Director, Courageous Inclusion, evosis Limited.
We chose the title Identity, Voice and Power for this year’s NTL community day because they are the three key elements of a generative engagement model. It was designed by Royce Holiday and Mary Nations, specifically for use in diversity and inclusion work which takes into account complexity (its part of human system dynamics theory). To find out more about the model visit https://www.hsdinstitute.org/resources/generative-engagement.html.
This model resonates with me personally and professionally. Often issues of diversity and inclusion can be over-simplified into one or two dimensions. The real picture is that we are all a complex mix of identities including elements of privilege and disadvantage within each of us (admittedly some have more of one than another). When we can be honest with ourselves and each other we can converse as human beings.
My purpose on this planet has recently become clear to me. “To enable the evolution of the human race so that everyone inherently values, and has the skill, to be truly inclusive of each other’s diversity”. In response to my personal identity and our current UK and global context, I am finding my voice and stepping into my power.
From my early childhood, it was clear to me that I didn’t belong with the ‘in-crowd’, and without understanding why ‘they’ realised too. During my twenties, I overcome my internalised oppression to ‘come out’ as bisexual, an inherently intersectional identity in which I experience prejudice from people including some lesbian women. I was in my thirties before I overcame the stigma surrounding mental health, to admit I experienced depression and seek counselling. Now in my early forties, following an accident at home, I have acquired multiple, invisible disabilities which give me new challenges to overcome. Now I experience prejudice both from some able-bodied people as well as some of the other spinal cord injured people who are wheelchair users. These are the parts of my identity, which inherently reduce my ability to have a voice and power. These are the parts of my identity where society (sometimes unconsciously, often structurally) acts to silence and disadvantage me. When I allow this oppression to become internalised, I feel I am not enough, less than, I am silenced. It takes away my voice and power because of my identity. I still struggle to fight this oppression and speak my truth.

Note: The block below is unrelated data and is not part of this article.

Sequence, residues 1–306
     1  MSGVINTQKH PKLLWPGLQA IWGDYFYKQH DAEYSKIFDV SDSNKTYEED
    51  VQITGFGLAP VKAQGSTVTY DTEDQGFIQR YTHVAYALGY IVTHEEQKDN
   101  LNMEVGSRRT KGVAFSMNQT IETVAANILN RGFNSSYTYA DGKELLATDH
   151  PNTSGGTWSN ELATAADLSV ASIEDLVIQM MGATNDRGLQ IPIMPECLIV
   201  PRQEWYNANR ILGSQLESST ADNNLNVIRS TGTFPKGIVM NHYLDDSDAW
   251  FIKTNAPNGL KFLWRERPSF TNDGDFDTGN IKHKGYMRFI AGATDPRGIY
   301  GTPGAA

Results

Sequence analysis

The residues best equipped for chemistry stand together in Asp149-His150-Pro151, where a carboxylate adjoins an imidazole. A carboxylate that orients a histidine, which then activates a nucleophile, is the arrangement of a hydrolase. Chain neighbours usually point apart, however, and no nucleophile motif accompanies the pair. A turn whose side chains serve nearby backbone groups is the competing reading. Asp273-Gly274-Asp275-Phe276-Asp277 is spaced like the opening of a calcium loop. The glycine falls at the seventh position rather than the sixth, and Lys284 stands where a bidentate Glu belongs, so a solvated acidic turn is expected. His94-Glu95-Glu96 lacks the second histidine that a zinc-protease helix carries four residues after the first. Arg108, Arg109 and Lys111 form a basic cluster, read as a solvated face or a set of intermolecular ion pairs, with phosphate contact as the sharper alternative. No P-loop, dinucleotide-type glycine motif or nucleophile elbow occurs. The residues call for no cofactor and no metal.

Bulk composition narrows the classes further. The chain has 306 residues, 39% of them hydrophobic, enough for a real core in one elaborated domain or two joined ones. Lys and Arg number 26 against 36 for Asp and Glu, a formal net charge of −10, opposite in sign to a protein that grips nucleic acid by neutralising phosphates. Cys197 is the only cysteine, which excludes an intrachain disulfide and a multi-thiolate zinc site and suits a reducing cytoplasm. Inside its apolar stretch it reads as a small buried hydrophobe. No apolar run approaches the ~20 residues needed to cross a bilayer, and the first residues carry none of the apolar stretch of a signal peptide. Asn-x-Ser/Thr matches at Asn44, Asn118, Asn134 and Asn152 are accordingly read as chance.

Simultaneously, I have been exploring the privileged parts of my identity, I am white, British, cis-gender (identify as the same sex I was born), educated, middle-aged, have economic means and can travel. I have found exploring privilege to be a different, but related journey to that of the marginalised parts of my identity. My experience of being the only white person in a garden in India, prompted my identification with the experience of people of colour, initially from their ‘out group’ perspective. I was scared. I’m used to being ‘the only’ and the impact it has, I just hadn’t experienced it because of my skin colour before. This wasn’t the most important learning from this event from me, though. It was a few years before I was able to open up to my privilege in that situation. I was a white, British person in India. I had economic power, no fear of law enforcement and the freedom to speak to a musician family, who as members of an ‘untouchable’ cast no one else in the garden would be permitted to talk to. I had a voice and power because of the privileged aspects of my identity.
The learning I have achieved has enabled me to develop a voice and power which radiate from all aspects of my identity. I now feel compelled to enable others to achieve the same for the benefit of our organisations, humanity and world. In our current UK and global context, I believe it is necessary for the survival of our communities, humanity, and our planet, that we all strive to value our diverse identities, hear all voices and use our power to create social justice. Also if anyone needed more of a reason to achieve this, the business case for inclusion in organisations is growing in strength (see https://www.evosis.co.uk/our-blog/courageous-inclusion for a summary).
To achieve social justice I think it is essential for us to find spaces where we can have conversations which through reciprocity and authenticity (as referenced in the model). I’m excited that this year’s NTL community gathering will provide a space for us all to explore the inherent complexity of our identity, voice and power, our impact on others and how we can use our collective identities, voice and power to achieve social justice.